Ravens’ extension of Ronnie Stanley keeps another homegrown player in Baltimore

Andrew Gillis
·4 min read

Stanley extension keeps another homegrown player in Baltimore originally appeared on NBC Sports Washington

Ravens center Matt Skura was a bit concerned that Ronnie Stanley, the Ravens’ franchise left tackle, was late to meetings on Friday. So he sent him a text and asked where he was. 

Stanley replied, “I got something to do.” 

Skura thought his absence was weird, but he just didn’t hear yet that Stanley was busy with signing his five-year contract extension worth $112,866,000 in total max value with $70,866,000 in guarantees. 

“Ronnie had kept it on the down-low for the whole morning and the last day,” Skura said. “I couldn’t be prouder of him. He’s worked so hard since getting here. Both being in the same class, it’s awesome to see how much he’s grown.”

The Ravens made another move to lock up homegrown talent in October with Stanley’s signing, which comes off the heels of cornerback Marlon Humphrey’s extension on the first of the month. 

Since general manager Eric DeCosta was promoted in January 2019, he’s made several key extensions of homegrown players including Stanley, Humphrey, fullback Patrick Ricard, tight end Nick Boyle and safety Chuck Clark. 

Stanley, 26, is simply the latest. 

“That was definitely one of the main reasons for my decision to stay here,” Stanley said Friday. “I want to play with these guys because they’re like family to me. I’m very appreciative of the whole organization, specifically Ozzie drafting me and having faith in my ability, drafting me with the sixth pick, when I know people were in his ear trying to persuade him other ways. I’m just really happy I can prove him right, prove the organization right.”

The move to lock up Stanley will keep him in Baltimore through the 2025 season, which will be his 10th as a professional. 

With the Ravens to receive contract extensions, Baltimore is building a long-term nucleus of some of the best players at their positions — who happen to be at some of the pre-eminent positions in the league. 

Humphrey will be under contract through 2026. Stanley through 2025. Clark through 2023 (along with the entire 2020 rookie class).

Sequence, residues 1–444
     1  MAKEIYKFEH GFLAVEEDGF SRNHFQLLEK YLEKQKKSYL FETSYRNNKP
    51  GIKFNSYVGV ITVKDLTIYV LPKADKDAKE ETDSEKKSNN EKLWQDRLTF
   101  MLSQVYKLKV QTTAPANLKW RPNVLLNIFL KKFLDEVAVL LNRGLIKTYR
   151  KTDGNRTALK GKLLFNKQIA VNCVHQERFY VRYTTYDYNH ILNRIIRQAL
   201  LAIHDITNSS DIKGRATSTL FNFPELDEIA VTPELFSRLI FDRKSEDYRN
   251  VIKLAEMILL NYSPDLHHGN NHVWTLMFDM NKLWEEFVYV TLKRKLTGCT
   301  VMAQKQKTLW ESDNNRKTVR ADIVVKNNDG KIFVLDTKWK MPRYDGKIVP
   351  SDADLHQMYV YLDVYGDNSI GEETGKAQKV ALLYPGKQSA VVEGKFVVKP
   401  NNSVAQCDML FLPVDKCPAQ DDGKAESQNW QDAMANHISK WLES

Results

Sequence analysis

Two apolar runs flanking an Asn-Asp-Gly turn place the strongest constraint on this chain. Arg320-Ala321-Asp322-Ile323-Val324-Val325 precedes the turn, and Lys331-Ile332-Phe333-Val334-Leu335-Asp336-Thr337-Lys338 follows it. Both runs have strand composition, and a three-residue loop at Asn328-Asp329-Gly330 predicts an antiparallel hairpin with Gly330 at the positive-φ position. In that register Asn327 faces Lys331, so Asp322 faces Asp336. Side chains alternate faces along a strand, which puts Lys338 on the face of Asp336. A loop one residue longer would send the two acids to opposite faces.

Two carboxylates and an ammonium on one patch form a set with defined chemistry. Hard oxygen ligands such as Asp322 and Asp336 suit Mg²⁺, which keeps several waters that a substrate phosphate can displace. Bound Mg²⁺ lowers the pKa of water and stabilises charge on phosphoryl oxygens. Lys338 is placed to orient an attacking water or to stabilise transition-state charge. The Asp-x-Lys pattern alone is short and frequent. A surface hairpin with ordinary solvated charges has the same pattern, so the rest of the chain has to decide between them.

Now, the Ravens have given themselves, oddly enough, a bit more flexibility as it relates to the 2021 offseason. At least as it relates to roster construction.

With Stanley, who seemed primed as a franchise tag candidate, now under contract, the Ravens will be able to use the franchise tag elsewhere if need be. The likeliest option figures to be newly acquired outside linebacker Yannick Ngakoue. 

Outside linebacker Matthew Judon, who is playing the 2020 season on the franchise tag, would cost about $5 million more under his second tag than Ngakoue would cost under his first tag. With the salary cap expected to drop for the 2021 season, saving every penny will be crucial to the Ravens. And not only for the 2021 season, but for the future as well. 

Tight end Mark Andrews and right tackle Orlando Brown Jr. are both up for contract extensions after the 2021 season and figure to receive top dollar amounts once their time to negotiate comes. The ever-looming and seemingly inevitable massive extension for quarterback Lamar Jackson will kick into place after the 2022 season — an extension that is eligible to be negotiated once this season ends. 

In terms of roster construction problems, the Ravens have one of the best problems to have in that they’ve got too many young, talented players all due for contract extensions at some point.

The Stanley deal will give the Ravens a blindside tackle for Jackson until he’s nearly 30-years-old. It will keep the former Notre Dame product in Baltimore “for life.” 

And it was yet another sign of DeCosta and the Ravens keeping their younger, talented players in the organization for the long-term.

“We all know we’re a family here and I think all the guys are on the same page of what we’re trying to build here in Baltimore, and that’s long-term success,” Stanley said. “We have a lot of young players that are going to try to get paid in these next couple years and I think everyone wants everyone to get theirs and to really just be happy with the commitment that they’re getting from the team that they’re signing with. We’re going to try to keep as many key pieces here as we can.”